The humanitarians at Activision invited G4 (and the rest of the gaming press) to check out their lineup of upcoming videogames this week, on the PS3, The 360 and The Wii. Here’s the word on the first title we played: Marvel Ultimate Alliance, which we checked out on all three systems.
First off, the news for the hardcore gamers: Marvel Ultimate Alliance was running in 1080p on the PlayStation 3, and it was running smoothly and perfectly, so add that to the list of launch titles that’ll take full advantage of the new system’s brawny hardware.
Now on to the nitty-gritty of the game:
Comic fans are in for a definite treat with Marvel Ultimate Alliance. This comic-book centric 3rd-person beat-em-up features over 20 playable characters from the Marvel Universe. We’re talking Spiderman, Captain America, the entire Fantastic Four, Thor, Ghost Rider, etc. etc. etc. The only thing missing is my favorite crime fighter, Black Lightning. (I know he’s DC, but he’s rad.)
Overall, there are 140 Marvel characters in the game (villians, henchmen, etc.) so all your pretend comic book friends will be there.
Team Formation and Role-Playing Elements
The game begins with the formation of your team. Players choose any four Marvel superheroes to battle super evil, so Silver Surfer can mix-it-up alongside Night Crawler, and The Invisible Woman can team up with Wong. Weird combinations of characters are awesome, but more traditional team-ups bring rewards, example: Playing as The Fantastic Four brings you bonus to your resistance.
MUA also features light role-playing elements: in game power-ups bring points that can be spread over a hero’s stats. We didn’t have enough time to really delve into the points system, but it cursory look made it seem very user-friendly. A nice balance between a customized stat system without having it to get all bogged down. On to the gameplay:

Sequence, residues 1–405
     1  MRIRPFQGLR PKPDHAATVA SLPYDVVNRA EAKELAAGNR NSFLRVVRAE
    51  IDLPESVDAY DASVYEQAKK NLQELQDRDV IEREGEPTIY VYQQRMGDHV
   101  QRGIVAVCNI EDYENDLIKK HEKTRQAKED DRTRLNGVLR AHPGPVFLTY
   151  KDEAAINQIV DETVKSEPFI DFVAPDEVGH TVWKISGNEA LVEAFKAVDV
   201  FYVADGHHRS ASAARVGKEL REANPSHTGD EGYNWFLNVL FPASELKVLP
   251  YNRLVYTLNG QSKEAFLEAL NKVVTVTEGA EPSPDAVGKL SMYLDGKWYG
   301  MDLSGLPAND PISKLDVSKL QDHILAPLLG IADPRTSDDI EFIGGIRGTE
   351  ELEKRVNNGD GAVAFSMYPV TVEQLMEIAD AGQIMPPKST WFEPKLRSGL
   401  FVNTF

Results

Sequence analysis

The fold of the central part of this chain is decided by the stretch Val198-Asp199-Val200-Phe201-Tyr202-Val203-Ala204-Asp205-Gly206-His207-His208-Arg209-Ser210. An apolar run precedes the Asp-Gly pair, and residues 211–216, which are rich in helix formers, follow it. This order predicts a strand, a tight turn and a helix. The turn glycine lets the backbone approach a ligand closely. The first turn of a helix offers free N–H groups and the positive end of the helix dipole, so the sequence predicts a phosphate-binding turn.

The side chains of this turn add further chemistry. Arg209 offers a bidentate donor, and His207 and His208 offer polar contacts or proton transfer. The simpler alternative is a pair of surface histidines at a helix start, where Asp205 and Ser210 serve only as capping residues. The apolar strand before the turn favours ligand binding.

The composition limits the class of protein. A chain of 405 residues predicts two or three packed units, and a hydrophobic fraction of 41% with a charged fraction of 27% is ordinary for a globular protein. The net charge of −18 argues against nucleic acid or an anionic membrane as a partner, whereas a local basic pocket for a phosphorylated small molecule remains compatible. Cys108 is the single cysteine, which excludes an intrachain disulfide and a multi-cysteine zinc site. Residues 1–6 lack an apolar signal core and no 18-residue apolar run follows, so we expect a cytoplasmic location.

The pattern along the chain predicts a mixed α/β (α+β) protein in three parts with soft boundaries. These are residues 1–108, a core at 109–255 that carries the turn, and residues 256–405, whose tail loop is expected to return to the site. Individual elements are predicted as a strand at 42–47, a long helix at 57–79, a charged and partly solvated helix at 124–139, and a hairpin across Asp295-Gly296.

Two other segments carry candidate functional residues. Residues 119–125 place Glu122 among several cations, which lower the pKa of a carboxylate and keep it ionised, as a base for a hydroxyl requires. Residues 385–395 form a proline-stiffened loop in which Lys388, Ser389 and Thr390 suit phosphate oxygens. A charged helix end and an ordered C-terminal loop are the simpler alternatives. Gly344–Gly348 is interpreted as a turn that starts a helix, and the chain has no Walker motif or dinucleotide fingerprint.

The game allows for full co-op of every mission, so friends can just jump on fight evil for a minute, and then hop off to eat a Hot Pocket. Unplayed heroes are taken over by the computer, and its AI seems pretty standard from our limited play-time. They don’t do anything dumb, but don’t do anything super-awesome either. About how you want your non-player allies to act.
The basic fighting controls were intuitive as possible: One button punches another button jumps, etc.
Jumping and punching are fine, but the most compelling aspect of playing as a superhero, of course, is the super-powers. Each individual hero has unique attacks based on their character, so Spidey slings webs, Captain America throws his shield, Invisible Woman turns invisible, etc. Flying characters can fly, but I'm not sure how that even helps, alas, I didnt' have enough time to really get into the game's details. But the controls are intuitive as hell.
As expected, the Wii version uses their unique controller to its fullest advantage, allowing you to toss enemies with a flick of the wrist.
The PS3 version also took advantage of the Sixaxis controller's motion-sensing as well: Nere-do-wells grabbed by a hero can be flicked aside with a simple tilt of the controller. I gotta be honest though, I did it couple of times, thought "oh, this is kind of neat," and then immediately reverted to the control sticks. At least in this case, on both the Wii and the PS3, my initial impression is that the controller tilt feels a little…well…gimmicky. Or maybe I’m just not used to it. Time will tell.
In any case, most (but not all) of the games actions on the Wii and the PS3 are able to be completed with more standard joysticking.